Thaddeus W. W. Pace

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Although the fact that genetic predisposition and environmental exposures interact to shape development and function of the human brain and, ultimately, the risk of psychiatric disorders has drawn wide interest, the corresponding molecular mechanisms have not yet been elucidated. We found that a functional polymorphism altering chromatin interaction between(More)
Meditation practices may impact physiological pathways that are modulated by stress and relevant to disease. While much attention has been paid to meditation practices that emphasize calming the mind, improving focused attention, or developing mindfulness, less is known about meditation practices that foster compassion. Accordingly, the current study(More)
Glucocorticoids play an essential role in the response to environmental stressors, serving initially to mobilize bodily responses to challenge and ultimately serving to restrain neuroendocrine and immune reactions. A number of diseases including autoimmune, infectious and inflammatory disorders as well as certain neuropsychiatric disorders such as major(More)
OBJECTIVE The authors sought to determine innate immune system activation following psychosocial stress in patients with major depression and increased early life stress. METHOD Plasma interleukin (IL)-6, lymphocyte subsets, and DNA binding of nuclear factor (NF)-kB in peripheral blood mononuclear cells were compared in medically healthy male subjects(More)
The amygdala has been repeatedly implicated in emotional processing of both positive and negative-valence stimuli. Previous studies suggest that the amygdala response to emotional stimuli is lower when the subject is in a meditative state of mindful-attention, both in beginner meditators after an 8-week meditation intervention and in expert meditators.(More)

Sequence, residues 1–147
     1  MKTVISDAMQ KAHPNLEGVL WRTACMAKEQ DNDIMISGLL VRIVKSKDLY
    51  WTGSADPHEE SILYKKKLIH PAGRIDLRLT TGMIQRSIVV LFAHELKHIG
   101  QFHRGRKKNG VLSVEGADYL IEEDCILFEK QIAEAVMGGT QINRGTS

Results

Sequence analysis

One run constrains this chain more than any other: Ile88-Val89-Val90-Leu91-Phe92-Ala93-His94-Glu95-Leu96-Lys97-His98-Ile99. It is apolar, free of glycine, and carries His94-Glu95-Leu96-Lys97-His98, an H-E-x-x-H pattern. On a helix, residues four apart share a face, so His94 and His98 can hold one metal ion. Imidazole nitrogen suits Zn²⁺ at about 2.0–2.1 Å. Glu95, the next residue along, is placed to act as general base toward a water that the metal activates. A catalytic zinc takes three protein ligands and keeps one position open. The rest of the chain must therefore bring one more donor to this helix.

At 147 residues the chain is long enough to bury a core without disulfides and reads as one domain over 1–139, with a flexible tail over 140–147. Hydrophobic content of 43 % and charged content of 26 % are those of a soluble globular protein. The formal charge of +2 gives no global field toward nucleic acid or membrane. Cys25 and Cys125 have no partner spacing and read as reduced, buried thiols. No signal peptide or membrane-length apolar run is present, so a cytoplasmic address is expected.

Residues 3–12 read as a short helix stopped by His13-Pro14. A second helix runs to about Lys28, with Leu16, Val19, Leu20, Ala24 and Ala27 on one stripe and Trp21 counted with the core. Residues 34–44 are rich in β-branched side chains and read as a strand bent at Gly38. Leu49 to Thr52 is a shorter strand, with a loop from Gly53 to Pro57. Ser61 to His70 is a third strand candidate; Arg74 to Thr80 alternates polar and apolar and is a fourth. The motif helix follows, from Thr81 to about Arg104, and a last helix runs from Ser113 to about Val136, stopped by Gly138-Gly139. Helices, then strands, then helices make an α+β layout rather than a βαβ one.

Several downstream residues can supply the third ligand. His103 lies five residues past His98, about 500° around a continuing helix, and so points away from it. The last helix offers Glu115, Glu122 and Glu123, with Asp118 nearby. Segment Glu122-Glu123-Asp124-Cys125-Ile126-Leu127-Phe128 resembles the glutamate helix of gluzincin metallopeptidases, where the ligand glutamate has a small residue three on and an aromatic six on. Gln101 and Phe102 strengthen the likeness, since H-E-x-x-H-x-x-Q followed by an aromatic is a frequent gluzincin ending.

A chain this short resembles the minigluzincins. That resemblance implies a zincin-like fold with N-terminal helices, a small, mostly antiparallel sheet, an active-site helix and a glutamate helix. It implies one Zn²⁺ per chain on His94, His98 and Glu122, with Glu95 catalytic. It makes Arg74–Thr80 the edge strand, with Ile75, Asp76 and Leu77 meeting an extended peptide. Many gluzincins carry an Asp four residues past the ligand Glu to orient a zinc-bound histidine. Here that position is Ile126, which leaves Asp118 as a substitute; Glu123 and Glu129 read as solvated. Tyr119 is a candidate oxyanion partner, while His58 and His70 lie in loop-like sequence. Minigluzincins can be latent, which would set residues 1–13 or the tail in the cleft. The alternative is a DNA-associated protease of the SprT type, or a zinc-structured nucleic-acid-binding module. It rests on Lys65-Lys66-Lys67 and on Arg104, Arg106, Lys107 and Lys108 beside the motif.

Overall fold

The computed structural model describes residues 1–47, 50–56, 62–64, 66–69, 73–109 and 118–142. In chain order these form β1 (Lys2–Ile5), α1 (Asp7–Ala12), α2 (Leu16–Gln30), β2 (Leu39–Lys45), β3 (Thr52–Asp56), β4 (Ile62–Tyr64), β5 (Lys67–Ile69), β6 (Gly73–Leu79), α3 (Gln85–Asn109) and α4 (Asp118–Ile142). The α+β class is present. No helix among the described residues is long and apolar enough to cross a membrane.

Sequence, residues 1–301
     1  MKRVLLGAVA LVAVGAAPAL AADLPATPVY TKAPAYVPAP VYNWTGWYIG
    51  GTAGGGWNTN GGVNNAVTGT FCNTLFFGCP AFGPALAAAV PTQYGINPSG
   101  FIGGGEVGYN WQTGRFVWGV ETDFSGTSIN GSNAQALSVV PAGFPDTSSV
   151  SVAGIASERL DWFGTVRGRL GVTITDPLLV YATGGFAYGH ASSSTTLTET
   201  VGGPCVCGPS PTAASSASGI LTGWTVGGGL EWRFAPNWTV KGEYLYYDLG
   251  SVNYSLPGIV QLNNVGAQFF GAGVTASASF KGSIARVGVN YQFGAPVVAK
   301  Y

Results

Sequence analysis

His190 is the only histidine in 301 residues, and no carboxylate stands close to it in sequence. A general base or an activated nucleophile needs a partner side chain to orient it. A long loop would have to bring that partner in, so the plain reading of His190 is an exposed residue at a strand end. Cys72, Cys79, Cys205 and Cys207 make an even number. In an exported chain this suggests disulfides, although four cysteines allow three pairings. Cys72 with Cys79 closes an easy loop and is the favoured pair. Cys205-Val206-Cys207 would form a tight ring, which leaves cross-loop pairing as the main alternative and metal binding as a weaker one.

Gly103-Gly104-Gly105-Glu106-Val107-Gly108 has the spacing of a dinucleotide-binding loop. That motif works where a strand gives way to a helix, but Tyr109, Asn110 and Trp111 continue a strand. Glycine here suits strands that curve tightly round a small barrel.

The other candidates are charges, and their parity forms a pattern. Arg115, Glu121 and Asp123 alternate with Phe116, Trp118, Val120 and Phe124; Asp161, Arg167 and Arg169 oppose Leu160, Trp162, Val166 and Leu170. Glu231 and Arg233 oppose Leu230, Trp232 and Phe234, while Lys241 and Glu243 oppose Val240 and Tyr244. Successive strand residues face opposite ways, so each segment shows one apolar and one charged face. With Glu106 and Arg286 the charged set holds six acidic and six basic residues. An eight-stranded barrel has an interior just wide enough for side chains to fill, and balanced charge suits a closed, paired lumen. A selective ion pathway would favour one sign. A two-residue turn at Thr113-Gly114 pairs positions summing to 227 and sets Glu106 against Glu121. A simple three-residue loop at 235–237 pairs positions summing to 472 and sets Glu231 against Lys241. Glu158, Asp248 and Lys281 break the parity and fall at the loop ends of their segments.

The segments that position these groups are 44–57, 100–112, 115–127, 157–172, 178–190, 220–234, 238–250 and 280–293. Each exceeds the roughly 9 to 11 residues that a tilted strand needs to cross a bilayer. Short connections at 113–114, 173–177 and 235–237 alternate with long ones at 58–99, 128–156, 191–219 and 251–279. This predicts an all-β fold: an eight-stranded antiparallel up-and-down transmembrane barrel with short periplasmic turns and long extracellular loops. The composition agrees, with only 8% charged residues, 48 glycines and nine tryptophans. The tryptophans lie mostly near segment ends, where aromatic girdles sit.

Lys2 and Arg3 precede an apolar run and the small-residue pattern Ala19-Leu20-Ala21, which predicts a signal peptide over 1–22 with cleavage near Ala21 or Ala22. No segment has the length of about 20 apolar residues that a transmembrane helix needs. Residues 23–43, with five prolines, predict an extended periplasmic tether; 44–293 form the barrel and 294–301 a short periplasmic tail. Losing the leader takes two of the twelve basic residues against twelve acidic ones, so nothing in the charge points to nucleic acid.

Data suggest that the activation of immune responses and the release of inflammatory cytokines may play a role in the pathophysiology of major depression. One mechanism by which cytokines may contribute to depression is through their effects on the glucocorticoid receptor (GR). Altered GR function in depression has been demonstrated by neuroendocrine(More)
The stressful quality of an experience, as perceived by rats, is believed to be largely represented by the magnitude of a hypothalamic-pituitary-adrenal (HPA) axis response. The hippocampus may be especially important for assessing the stressfulness of psychological stressors such as novel experience. If such is the case then experience-dependent(More)
Rats repeatedly exposed to restraint show a reduced hypothalamic-pituitary-adrenal axis response upon restraint re-exposure. This hypothalamic-pituitary-adrenal axis response habituation to restraint does not generalize to other novel stressors and is associated with a decrease in stress-induced c-fos expression in a number of stress-reactive brain regions.(More)
The present study investigated the role of mineralocorticoid receptors (MR) and glucocorticoid receptors (GR) in the expression of habituation of the hypothalamic-pituitary-adrenal (HPA) axis response to stress. Male rats were restrained for 1 h per day for six consecutive days. On day 6, 1 h prior to restraint stress, both restraint-naive and repeatedly(More)
Posttraumatic stress disorder (PTSD) is a serious and debilitating condition with a prevalence rate of approximately 8% in the United States. Given the number of veterans returning from conflicts around the globe with PTSD, and the substantial number of civilians experiencing traumas, new perspectives on the biology of PTSD are needed. Based on the concept(More)